Xanthogranulomatous orchitis is a non-neoplastic inflammatory condition characterized by the destruction of testicular tissue with macrophage infiltrate (1). Xanthogranulomatous masses is often found in the kidneys and gallbladder, with few cases of occurrence in the testicle and spermatic cord (2,3). We report a case of xanthogranulomatous orchitis in an adult.
JMS, 55 years of age, diabetic and hypertensive, visited emergency care for testicular pain and swelling with an eight-day history, but a one-year evolution. The patient also reported having chills in the previous days and visited the emergency services on the seventh day of empirical treatment with ciprofloxacin for orchiepididymitis prescribed at another healthcare service.
The examination revealed testicular edema, hyperemia, increased volume with a hard consistency and pain to the touch of the right testicle as well as atrophy of the left testicle due to a past history of trauma.
The complete blood count revealed leukocytosis, increased segmented neutrophils and C-reactive protein of 13.28 mg/dL (value of reference: 0.00 to 0.50 mg/dL). Ultrasound of the scrotum revealed the right testicle with increase dimensions, absent vascular flow (Doppler ultrasound) and an adjacent pseudomass, with a thick epididymis, suggesting testicular torsion. The ultrasound exam revealed a hardened right testicle with no vascular flow, areas of necrosis and purulent secretion as well as thickening of the inguinal cord. Orchiectomy was performed with a margin up to the cord.
The patient received discharge from hospital on the second postoperative day. The biopsy revealed extensive testicular ischemic necrosis with areas of exudation, a chronic peri-testicular xanthogranulomatous inflammatory process, recent thrombosis, fibrous capsular thickening and acute epididymitis, with the formation of luminal abscesses confirmed by the immunohistochemical analysis (CD34-positive) (Figures 1-3).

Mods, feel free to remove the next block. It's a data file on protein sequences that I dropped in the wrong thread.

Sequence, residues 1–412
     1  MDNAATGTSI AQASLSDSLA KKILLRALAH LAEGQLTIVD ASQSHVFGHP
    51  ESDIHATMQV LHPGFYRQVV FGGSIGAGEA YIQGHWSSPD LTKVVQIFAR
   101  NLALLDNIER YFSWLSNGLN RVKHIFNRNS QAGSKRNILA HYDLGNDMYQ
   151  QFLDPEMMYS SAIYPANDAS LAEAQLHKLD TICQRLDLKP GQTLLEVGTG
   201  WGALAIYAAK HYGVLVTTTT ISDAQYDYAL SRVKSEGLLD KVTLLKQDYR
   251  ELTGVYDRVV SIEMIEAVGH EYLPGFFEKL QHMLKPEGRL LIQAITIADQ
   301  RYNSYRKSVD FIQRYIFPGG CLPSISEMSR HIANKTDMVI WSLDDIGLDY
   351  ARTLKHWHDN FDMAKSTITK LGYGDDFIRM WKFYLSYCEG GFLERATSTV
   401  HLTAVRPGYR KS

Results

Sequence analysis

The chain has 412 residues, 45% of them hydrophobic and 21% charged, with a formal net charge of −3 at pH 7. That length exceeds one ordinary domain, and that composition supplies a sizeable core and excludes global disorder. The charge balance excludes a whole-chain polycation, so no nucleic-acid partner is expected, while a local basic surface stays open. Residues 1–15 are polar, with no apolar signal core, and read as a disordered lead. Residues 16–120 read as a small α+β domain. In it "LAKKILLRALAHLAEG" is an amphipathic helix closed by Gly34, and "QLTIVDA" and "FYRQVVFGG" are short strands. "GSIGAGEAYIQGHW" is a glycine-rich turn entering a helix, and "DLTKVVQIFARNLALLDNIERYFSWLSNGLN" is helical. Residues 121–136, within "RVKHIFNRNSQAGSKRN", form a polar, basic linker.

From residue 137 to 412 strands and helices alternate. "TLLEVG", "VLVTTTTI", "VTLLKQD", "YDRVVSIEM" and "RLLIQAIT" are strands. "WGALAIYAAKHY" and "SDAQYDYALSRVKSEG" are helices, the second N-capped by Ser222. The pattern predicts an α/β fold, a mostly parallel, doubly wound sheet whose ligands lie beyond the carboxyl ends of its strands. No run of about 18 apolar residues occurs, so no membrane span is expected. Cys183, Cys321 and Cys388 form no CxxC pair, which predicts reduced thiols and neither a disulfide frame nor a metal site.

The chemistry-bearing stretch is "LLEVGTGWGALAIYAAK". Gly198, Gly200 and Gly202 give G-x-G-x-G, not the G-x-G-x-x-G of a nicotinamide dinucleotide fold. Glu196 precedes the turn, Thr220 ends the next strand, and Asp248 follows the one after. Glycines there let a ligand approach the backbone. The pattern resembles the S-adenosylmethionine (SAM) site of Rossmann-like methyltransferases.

The patient is currently in outpatient follow up, with occasional pain on the right side of the scrotum and undergoing hormonal replacement due to the atrophic post-trauma lest testicle.
Xanthogranulomatous inflammation is rare with an unclear etiology. One explanation for this condition is a chronic inflammatory process due to duct obstruction. This process is influenced by changes in the immune system and both lipid and macrophage metabolism, lymphatic dysfunction, a foreign body with calculus and surgical thread (4). Commonly found in the liver and gallbladder, xanthogranulomatous inflammation can also be seen in other organs, such as the appendix, ovaries and bladder (5), but can also affect the prostate, epididymis and testicle.
Diabetes, as in the present case, is directly linked to the etiology of xanthogranulomatous inflammation, since diabetic patients are often immunocompromised and the entire process of adherence, chemotaxis and phagocytosis is compromised (6).
Microscopic findings include yellowish nodules with “lipid-laden” macrophages associated to lymphocytes, giant cells and necrosis. However, such findings are not specific to the xanthogranulomatous process and could be concomitant to a tumor (7). The diagnosis is challenging, as the condition can resemble bacterial orchitis, which improves with antibiotic therapy, malakoplakia with typical Michaelis-Gutmann bodies (3) and neoplasm with differences in tumor and immunohistochemical markers (8).
Due to the destructive effects of xanthogranulomatous orchitis, treatment should be aggressive, with radical orchiectomy (as performed in the present case), which could be partial in some cases. Antibiotic therapy for anaerobic bacteria is also important (8-10).
As the patient became symptomatic due to the orchitis and atrophy, hormonal replacement therapy with testosterone was indicated to avoid hypogonadism (11).
Xanthogranulomatous orchitis is a rare condition with an unclear etiology. The present report serves as a reminder of the importance of this condition and can facilitate its understanding, differential diagnosis and the establishment of adequate treatment.
Conflicts of Interest: The authors have no conflicts of interest to declare.
Informed Consent: Written informed consent was obtained from the patient for publication of this manuscript and any accompanying images.
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Cite this article as: Gongora e Silva RF, Pinto IC, Constantino EC, Querichelli AF, Spessoto LC, Fácio FN Jr. Xanthogranulomatous orchitis: case report of a rare condition. AME Case Rep 2019;3:4.